Why It Works
- Extremely high heat, plus a preheated roasting pan, gives the Brussels sprouts sweet flavor and a nutty char.
- Balsamic vinegar provides a tart counterpoint to the deeply browned sprouts.
When I first wrote about the humble Brussels sprout, it was from the perspective of someone who believed that I was amongst the minority of people who truly deeply love the tiny brassica.
From the number of positive comments that piece received and the amount of support I've seen lent to the diminutive cabbage-shaped vegetable, it turns out I was wrong all along.
What we've got here is a sprout with some clout. From topping our favorite pizzas to appearing on the menus at many of our favorite restaurants, good Brussels sprouts are everywhere.
Coming from a family of Brussels sprouts fiends, I've had to develop quite a repertoire of recipes over the years and over the holidays in order to keep things interesting. The vast majority of them—a good 94% (I've counted)—share one crucial step: searing. Slow-cooking Brussels sprouts allows them to develop those funky, odoriferous compounds you get from overcooked cabbage soup while at the same time destroying the beautiful, spicy-pungent, mustard-like compounds they contain.
The goal is to cook them fast, and cook them hard so they char and caramelize, their leaves turning crispy, brown, and nutty, and their natural sugars breaking down into sweeter simple sugars.
This means you want to use the highest heat possible when cooking your sprouts. This can be accomplished easily in a skillet, but if you want to free up some stove-top space this Thanksgiving, you can just as easily do it in a pan in the oven. The key is to preheat the pan in the oven before you add the sprouts to it so that they begin to sizzle as soon as they land.
I like to add a handful of sliced shallots to the sprouts as well to accent their sweetness. The shallots brown and crisp, melting into the mix without overpowering. You can incorporate some pork fat into the mix (just render some bacon, fatback, guanciale, chorizo—whatever—on the stovetop, toss the sprouts with the fat, then add the crisped bits back in at the end), but other fats will work just as well. Olive oil, duck fat, chicken fat, or turkey fat are all fine options.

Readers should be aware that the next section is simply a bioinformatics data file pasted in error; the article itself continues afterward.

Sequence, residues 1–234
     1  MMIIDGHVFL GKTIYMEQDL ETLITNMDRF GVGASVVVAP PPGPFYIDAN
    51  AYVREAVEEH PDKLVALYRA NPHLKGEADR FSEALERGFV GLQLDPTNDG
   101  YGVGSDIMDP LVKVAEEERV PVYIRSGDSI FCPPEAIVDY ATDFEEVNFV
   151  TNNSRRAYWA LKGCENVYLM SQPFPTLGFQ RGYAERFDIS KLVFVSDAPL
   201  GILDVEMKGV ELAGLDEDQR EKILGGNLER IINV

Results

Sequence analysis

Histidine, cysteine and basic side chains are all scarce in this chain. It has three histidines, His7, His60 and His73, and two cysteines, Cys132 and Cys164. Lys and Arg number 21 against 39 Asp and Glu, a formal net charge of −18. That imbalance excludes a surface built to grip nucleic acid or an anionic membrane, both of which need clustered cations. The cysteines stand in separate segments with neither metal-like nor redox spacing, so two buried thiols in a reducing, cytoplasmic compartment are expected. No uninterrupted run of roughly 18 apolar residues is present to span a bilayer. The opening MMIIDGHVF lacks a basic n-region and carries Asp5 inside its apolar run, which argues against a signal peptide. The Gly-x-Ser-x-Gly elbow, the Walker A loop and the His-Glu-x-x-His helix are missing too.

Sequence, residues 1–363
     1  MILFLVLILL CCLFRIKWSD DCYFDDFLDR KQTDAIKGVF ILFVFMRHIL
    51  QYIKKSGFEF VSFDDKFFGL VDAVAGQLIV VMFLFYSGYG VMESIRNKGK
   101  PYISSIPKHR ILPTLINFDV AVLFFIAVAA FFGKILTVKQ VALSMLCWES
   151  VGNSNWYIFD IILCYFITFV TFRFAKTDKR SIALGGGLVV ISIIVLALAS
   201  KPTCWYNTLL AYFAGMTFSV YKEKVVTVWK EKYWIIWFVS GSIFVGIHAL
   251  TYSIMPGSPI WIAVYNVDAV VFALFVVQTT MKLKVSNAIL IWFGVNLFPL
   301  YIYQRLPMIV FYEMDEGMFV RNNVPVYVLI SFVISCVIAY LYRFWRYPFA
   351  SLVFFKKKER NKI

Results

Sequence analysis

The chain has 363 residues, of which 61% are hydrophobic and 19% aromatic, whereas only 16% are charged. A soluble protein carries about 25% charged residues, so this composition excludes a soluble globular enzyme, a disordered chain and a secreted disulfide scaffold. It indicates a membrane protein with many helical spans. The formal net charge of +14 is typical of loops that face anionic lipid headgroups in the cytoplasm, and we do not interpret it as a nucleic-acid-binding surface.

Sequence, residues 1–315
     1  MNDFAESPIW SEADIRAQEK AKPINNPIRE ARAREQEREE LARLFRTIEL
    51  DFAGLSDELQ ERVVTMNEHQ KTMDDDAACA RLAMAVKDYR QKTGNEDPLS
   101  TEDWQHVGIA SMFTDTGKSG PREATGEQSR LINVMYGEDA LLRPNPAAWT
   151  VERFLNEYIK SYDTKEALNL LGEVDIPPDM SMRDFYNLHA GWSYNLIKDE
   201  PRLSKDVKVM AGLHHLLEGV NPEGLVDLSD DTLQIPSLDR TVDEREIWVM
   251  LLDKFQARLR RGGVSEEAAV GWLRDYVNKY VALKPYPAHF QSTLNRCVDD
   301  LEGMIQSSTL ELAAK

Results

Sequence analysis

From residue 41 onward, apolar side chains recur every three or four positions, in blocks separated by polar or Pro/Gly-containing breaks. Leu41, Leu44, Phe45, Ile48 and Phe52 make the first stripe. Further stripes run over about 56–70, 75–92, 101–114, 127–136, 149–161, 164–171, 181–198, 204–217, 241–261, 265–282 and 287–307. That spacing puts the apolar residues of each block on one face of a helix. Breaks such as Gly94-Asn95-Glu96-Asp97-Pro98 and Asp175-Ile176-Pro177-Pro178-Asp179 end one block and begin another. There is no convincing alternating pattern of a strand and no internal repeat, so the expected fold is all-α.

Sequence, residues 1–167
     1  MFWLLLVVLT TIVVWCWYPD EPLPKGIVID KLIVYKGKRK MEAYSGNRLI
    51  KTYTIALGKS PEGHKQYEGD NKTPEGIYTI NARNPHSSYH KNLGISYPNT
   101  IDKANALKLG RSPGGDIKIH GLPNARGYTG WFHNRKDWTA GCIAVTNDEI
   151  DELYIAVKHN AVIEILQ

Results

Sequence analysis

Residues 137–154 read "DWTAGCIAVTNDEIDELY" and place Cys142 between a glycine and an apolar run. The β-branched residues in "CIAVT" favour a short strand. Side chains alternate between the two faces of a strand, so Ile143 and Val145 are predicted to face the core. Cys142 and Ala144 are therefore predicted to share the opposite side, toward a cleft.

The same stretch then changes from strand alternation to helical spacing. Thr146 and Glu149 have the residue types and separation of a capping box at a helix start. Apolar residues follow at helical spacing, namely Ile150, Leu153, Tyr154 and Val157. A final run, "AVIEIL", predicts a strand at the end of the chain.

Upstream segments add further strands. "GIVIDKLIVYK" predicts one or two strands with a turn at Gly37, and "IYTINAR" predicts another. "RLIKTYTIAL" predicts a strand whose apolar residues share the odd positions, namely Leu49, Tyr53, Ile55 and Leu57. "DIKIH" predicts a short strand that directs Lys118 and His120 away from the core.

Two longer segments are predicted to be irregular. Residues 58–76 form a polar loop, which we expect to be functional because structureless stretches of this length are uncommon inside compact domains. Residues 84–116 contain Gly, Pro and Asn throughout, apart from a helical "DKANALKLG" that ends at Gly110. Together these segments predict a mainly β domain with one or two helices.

If your pan is preheated hot enough and your oven is going strong, your sprouts should be out of the oven and ready to serve in less time than it takes to rest a turkey.
Want a touch more acidity and kick in there? Sprinkle a bit of balsamic vinegar over the sprouts just as they come out of the oven. The residual heat in the pan should be enough to reduce it almost instantly to a thin coating of tart glaze.
And yes, the secret ingredient here is salt, and plenty of it.
- 3 pounds (1.4kg) Brussels sprouts, bottoms trimmed, outer leaves removed, split in half (see note)
- 8 medium shallots, sliced thinly
- 1/4 cup (60ml) extra-virgin olive oil (see note)
- Diamond brand Kosher salt and freshly ground black pepper
- 2 tablespoons (30ml) balsamic vinegar
Adjust oven racks to upper and lower middle positions and place a heavy rimmed baking sheet on each. Preheat oven to 500°F.
Toss sprouts, shallots, olive oil, and salt and pepper to taste in a large bowl and toss to combine. When oven is hot, working quickly, remove the baking sheets with a dish towel or oven mitt. Divide Brussels sprouts mixture evenly between both trays, shaking to distribute into a single even layer. Return pans to oven. Roast until Brussels sprouts are deeply charred and fully tender, about 20 minutes total, tossing sprouts and rotating and swapping pans top to bottom half way through cooking.
Immediately after removing from oven, drizzle sprouts with balsamic vinegar and shake to coat. Season to taste with more salt and pepper if desired and serve.
Rimmed baking sheets
Look for sprouts about one and a half inches in diameter, with tight heads. Chicken, turkey, or duck fat can be used in place of the olive oil. Crisped bacon or fatback can be added to the Brussels sprouts after roasting.